Definitions for: Quantity


[n] how much there is of something that you can measure
[n] an adequate or large amount; "he had a quantity of ammunition"
[n] something that has a magnitude and can be represented in mathematical expressions by a constant or a variable



Webster (1913) Definition: Quan"ti*ty, v. t. [L. quantus now much + -fy.]
To modify or qualify with respect to quantity; to fix or
express the quantity of; to rate.


Quan"ti*ty, n.; pl. Quantities. [F. quantite, L.
quantitas, fr. quantus bow great, how much, akin to quam bow,
E. how, who. See Who.]
1. The attribute of being so much, and not more or less; the
property of being measurable, or capable of increase and
decrease, multiplication and division; greatness; and more
concretely, that which answers the question ``How much?'';
measure in regard to bulk or amount; determinate or
comparative dimensions; measure; amount; bulk; extent;
size. Hence, in specific uses:
(a) (Logic) The extent or extension of a general
conception, that is, the number of species or
individuals to which it may be applied; also, its
content or comprehension, that is, the number of its
constituent qualities, attributes, or relations.
(b) (Gram.) The measure of a syllable; that which
determines the time in which it is pronounced; as, the
long or short quantity of a vowel or syllable.
(c) (Mus.) The relative duration of a tone.

2. That which can be increased, diminished, or measured;
especially (Math.), anything to which mathematical
processes are applicable.

Note: Quantity is discrete when it is applied to separate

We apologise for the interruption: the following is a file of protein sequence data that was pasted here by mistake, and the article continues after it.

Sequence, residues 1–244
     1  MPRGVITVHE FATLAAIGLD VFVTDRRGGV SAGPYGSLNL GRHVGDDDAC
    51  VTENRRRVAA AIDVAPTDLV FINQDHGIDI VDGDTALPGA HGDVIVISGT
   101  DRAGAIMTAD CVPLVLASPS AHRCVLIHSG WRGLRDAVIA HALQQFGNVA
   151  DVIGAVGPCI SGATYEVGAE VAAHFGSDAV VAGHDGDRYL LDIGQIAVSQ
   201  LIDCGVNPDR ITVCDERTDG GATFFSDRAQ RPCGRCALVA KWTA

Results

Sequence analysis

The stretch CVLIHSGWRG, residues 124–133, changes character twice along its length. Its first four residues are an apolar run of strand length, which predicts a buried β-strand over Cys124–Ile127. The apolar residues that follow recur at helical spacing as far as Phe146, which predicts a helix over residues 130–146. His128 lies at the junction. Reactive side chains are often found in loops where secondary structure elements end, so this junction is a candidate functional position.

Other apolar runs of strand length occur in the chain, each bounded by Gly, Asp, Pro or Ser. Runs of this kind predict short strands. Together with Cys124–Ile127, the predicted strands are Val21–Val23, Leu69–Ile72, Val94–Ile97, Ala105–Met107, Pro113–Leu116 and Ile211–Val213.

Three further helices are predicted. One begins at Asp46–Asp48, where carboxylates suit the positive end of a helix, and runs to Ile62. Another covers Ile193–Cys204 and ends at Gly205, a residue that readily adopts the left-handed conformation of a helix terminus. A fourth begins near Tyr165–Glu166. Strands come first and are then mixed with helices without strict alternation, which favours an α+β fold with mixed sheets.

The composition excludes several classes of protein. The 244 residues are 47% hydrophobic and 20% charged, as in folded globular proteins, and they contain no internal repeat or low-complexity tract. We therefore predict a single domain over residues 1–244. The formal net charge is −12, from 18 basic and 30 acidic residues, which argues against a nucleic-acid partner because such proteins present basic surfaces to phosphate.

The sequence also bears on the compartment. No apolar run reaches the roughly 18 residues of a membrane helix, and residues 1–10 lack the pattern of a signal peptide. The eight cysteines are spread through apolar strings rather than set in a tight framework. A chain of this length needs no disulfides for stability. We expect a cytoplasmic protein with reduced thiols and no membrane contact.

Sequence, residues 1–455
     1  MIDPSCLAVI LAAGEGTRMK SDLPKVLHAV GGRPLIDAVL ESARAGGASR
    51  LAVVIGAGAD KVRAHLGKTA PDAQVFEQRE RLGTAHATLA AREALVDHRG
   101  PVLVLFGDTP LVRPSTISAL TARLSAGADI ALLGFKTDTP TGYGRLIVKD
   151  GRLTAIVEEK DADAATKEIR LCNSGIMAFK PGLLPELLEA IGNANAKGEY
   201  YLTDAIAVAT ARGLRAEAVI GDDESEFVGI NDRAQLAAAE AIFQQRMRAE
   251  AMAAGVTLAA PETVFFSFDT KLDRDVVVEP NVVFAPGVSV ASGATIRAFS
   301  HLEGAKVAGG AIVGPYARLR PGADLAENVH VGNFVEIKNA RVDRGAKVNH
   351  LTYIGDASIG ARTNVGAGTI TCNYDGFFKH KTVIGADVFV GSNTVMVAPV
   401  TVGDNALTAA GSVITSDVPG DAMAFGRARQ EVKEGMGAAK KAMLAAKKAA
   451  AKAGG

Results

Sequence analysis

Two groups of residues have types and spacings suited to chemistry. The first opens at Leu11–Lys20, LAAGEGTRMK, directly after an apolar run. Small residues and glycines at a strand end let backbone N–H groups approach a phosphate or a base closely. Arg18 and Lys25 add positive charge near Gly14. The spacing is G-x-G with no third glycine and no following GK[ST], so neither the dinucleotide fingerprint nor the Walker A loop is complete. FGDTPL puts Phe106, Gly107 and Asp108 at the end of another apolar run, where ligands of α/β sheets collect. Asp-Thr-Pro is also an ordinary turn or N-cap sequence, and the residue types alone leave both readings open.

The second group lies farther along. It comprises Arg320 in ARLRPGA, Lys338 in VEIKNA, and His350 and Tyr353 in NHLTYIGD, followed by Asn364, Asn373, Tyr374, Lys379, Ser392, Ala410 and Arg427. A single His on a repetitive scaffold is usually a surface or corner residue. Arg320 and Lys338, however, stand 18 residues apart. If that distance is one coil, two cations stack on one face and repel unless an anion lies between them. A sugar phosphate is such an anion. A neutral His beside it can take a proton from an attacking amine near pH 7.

objects, as in number; continuous, when the parts are
connected, either in succession, as in time, motion,
etc., or in extension, as by the dimensions of space,
viz., length, breadth, and thickness.

3. A determinate or estimated amount; a sum or bulk; a
certain portion or part; sometimes, a considerable amount;
a large portion, bulk, or sum; as, a medicine taken in
quantities, that is, in large quantities.

The quantity of extensive and curious information
which he had picked up during many months of
desultory, but not unprofitable, study. --Macaulay.

Quantity of estate (Law), its time of continuance, or
degree of interest, as in fee, for life, or for years.
--Wharton (Law Dict. )

Quantity of matter, in a body, its mass, as determined by
its weight, or by its momentum under a given velocity.

Quantity of motion (Mech.), in a body, the relative amount
of its motion, as measured by its momentum, varying as the
product of mass and velocity.

Known quantities (Math.), quantities whose values are
given.

Unknown quantities (Math.), quantities whose values are
sought.

Synonyms: amount, measure, quantum

See Also: abstraction, abundance, amount, amount, binomial, chance, concept, conception, constant, constant quantity, construct, copiousness, cordage, definite quantity, economic value, fundamental measure, fundamental quantity, indefinite quantity, interval, linear measure, long measure, magnetisation, magnetization, mathematical product, numerical quantity, octane number, octane rating, operand, parameter, period of play, play, playing period, probability, product, proof, proportional, quantum, relative quantity, sum, system of measurement, teemingness, term, time interval, time unit, total, unit of time, value, variable, variable quantity, volume




Famous Quotes Containing Quantity: